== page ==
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Sunday, November 3, 2019

Be a part of this SURVEY

The Gastrointestinal Society is conducting a worldwide survey called "IBD Patients: What's Missing In Your Care?" and you can be a part of it.  CLICK HERE

I took this survey and it's very thorough.  I like the questions it asks and I think the information collected would benefit how IBD patients are cared for by health care professionals. 

The Gastrointestinal Society is a registered charity in Canada leading the country in providing trusted, evidence-based information on all areas of the gastrointestinal (GI) tract.  Their mission is to improve the lives of people with GI and liver conditions, supporting research, advocating for appropriate patient access to healthcare, and promoting GI and liver health.  You can learn more about the Gastrointestinal Society at

Tuesday, October 15, 2019

The Continuing Saga of the Medical Marijuana Dispensary Visits

Several more Medical Marijuana Dispensaries have opened in my local area and I have been able to visit many of them.  I actually have a least favorite now and I hate to say, it is probably exactly what the majority of people think of when they think "marijuana dispensary".  From the locations, to actually getting into the building and then everything that happens when you get inside, truth be told, it's just awful.  Let's review...

This particular dispensary is located on a side street smack in the middle of a busy downtown area.  (I'm specifically not naming cities or company names because I'd rather not get sued for my opinion.)  It's hard to get to and if you aren't looking you will miss it.  You have to go down another side street to get to the parking area behind the building - and you can only go one way because the other way around is a one way street so if you are like me and terrible with directions and finding things when you are driving, you end up driving right past the place and going two blocks down to turn around.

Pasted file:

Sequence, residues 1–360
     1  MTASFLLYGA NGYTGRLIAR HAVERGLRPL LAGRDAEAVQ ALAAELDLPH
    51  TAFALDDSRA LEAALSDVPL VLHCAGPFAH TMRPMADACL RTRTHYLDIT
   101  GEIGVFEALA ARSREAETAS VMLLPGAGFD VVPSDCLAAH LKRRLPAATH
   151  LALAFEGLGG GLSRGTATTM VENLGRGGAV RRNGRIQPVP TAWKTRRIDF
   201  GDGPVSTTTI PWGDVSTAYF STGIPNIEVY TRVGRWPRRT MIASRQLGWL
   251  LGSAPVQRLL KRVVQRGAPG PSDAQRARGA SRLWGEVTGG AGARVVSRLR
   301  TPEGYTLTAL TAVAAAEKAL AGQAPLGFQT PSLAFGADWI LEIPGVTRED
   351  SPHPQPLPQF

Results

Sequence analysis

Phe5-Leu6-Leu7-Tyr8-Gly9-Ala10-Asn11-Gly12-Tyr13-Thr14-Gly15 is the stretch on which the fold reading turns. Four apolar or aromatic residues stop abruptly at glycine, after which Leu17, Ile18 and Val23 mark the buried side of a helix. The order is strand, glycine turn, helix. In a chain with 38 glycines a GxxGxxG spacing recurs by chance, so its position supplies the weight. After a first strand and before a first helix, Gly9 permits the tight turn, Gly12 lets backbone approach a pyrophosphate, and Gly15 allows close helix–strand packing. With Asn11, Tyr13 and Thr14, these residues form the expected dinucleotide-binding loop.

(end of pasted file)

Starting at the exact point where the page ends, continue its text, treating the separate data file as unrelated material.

Once successfully parked, finding the actual entrance was even a little difficult.  Not sure exactly which side to go around and thinking the door should be at the front of the building made things even more confusing.  The door is actually on the same side as the one way street so you don't see it because you can't go down that way to enter the parking lot.  Finally though, I managed to find the door and quickly realized it was locked and I had to wait for someone to buzz me in.  Standing outside this building and waiting did not make me feel very safe.  Maybe it's the city, maybe it's the specific area of the city.  Regardless, I really felt nervous waiting for someone to open the door for me.

After I was granted access, I opened the door and it hit me immediately - the stench of marijuana so strong I honestly expected someone (or several people actually) to be standing in the lobby with an open baggie rolling a blunt.  No one was though, it just smelled that bad.  It took an excessively long amount of time for the person BEHIND BULLET PROOF GLASS to verify my credentials and check me in.  After that, I was asked to sit down and wait.  I can't lie when I say I was feeling a little out of place and more anxious than I did at any of the other dispensaries.  Some other people came in; people that, I'm sorry to say, give medical marijuana usage a bad name.  I hate to stereotype but these people were the very definition of the term "junkies".  Technically, I was on the bad side of town and I would imagine that was the reason for all the extra security like the locked doors, bullet proof glass and cameras everywhere, but it was the clientele that made me nervous.  Every single person that walked into that dispensary commented on the smell, made loud and obnoxious references to smoking weed and using other drugs, and seriously needed work on their personal hygiene.  I don't mind smoking weed references, but the shooting heroin and hot railing meth talk was a bit much.

Once I was granted access to the back of the dispensary, where they actually keep the product, I noticed the smell wasn't nearly as bad as it was in the lobby.  Perhaps the clientele had something to do with that, though when I first came in no one was even in the lobby but me.  Who knows.  The budtender guy- or weed barista as I like to call them - handed me a sheet of paper with the different selections they had available.  I know I am old and my vision isn't what it used to be (hell, it's always been bad) but this paper had so much crammed onto it in about 6 point font that I simply could not even read it.  When I explained various symptoms I was having and and asked what strains they had to offer that could help, the budtender just told me what he liked.  Not super informative but whatever.  I figured it out.  I noticed their prices were much less expensive than some of the other dispensaries in the area, even the one just across town.  Location, location, location I guess.